Kaitlyn Bunker, Ph.D., P.E. leads energy modeling and technical analysis to complete integrated resource plans in partnership with Caribbean island utilities, governments, and regulators. These plans take a whole-systems view of various options for the future of the electricity sector on each island, and lead to specific investment plans for clean energy solutions. She has worked closely with stakeholders in Saint Lucia, Saint Vincent and the Grenadines, Belize, the British Virgin Islands, the Turks and Caicos Islands, and Bermuda. Kaitlyn also leads modeling efforts related to small island microgrid opportunities.
Kaitlyn joined RMI after completing a Ph.D. in electrical engineering from Michigan Technological University in Houghton, MI. Her dissertation research focused on microgrids, and optimizing control strategies for distributed renewable resources. Kaitlyn is a past recipient of the National Science Foundation Graduate Research Fellowship.
EDUCATION & AWARDS
Ph.D., M.S., and B.Sc., Electrical Engineering, Michigan Technological University
Society of Women Engineers Distinguished New Engineer, 2018
Last month, the Rocky Mountain Institute (RMI) Islands Energy Program received the Global Team Leadership Award from the Society of Women Engineers (SWE). This honor is awarded to a geographically diverse team recognized for making outstanding technical contributions and demonstrating innovative thinking to overcome global…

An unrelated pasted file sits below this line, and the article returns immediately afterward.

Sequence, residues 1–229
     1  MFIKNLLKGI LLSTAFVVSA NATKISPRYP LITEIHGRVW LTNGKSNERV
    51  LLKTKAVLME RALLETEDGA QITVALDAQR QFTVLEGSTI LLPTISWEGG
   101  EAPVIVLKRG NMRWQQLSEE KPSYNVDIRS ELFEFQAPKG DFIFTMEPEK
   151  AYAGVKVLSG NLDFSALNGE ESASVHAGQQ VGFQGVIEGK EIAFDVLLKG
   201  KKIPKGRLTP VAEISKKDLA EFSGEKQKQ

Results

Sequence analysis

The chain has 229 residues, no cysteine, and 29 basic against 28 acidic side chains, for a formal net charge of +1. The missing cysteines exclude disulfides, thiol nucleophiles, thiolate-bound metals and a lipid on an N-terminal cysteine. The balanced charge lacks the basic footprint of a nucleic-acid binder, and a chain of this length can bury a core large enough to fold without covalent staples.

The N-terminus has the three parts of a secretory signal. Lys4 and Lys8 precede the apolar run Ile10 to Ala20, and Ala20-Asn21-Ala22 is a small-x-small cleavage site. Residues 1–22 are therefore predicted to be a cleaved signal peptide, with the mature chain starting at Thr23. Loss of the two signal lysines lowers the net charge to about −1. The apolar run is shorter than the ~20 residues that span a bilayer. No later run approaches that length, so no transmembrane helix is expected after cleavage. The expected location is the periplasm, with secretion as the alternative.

The leading transportation electrification projects have a clear beginning and end, but the route in between can be a maze of forks in the road that can easily lead project teams into high congestion. An early pit stop at RMI’s Mobility Innovation Lab (MIL) can redraw the roadmap and put…
Electricity grids are the largest machines in human history, comprised of diverse equipment used to generate and transmit the power that enables our modern lifestyle. Behind the equipment and vast network of connections are the system operators, the people who ensure that our electricity needs are met at every second.
What do mines, industrial facilities, and the military all have in common? They all have a need for reliable electricity in remote locations. It turns out these places and others can learn a lot from islands.
RMI is working with the City of Austin to tackle congestion along with the city’s other mobility challenges—including costs, accessibility, safety, and the environment—by leveraging the power of emerging technology and new business innovation.
The U.S. is going through a major energy revolution and communities are at the forefront. Today, RMI releases a new resource guide to assist leaders and practitioners in U.S. communities with a desire to transform their energy use.
Mawson Station is the oldest surviving, continuously operated research station south of the Antarctic Circle. It’s also the most remote of the three main Antarctic stations operated by the Australian Antarctic Division (AAD). Two unique features make this station an ideal place to incorporate renewables for electricity generation.
For island communities, the costs and risks associated with oil dependence paired with cost reductions in solar, wind, and energy storage technologies suggest that an alternative to the fully oil-based electricity systems of the past is now a viable option for communities across the globe: affordable renewable energy.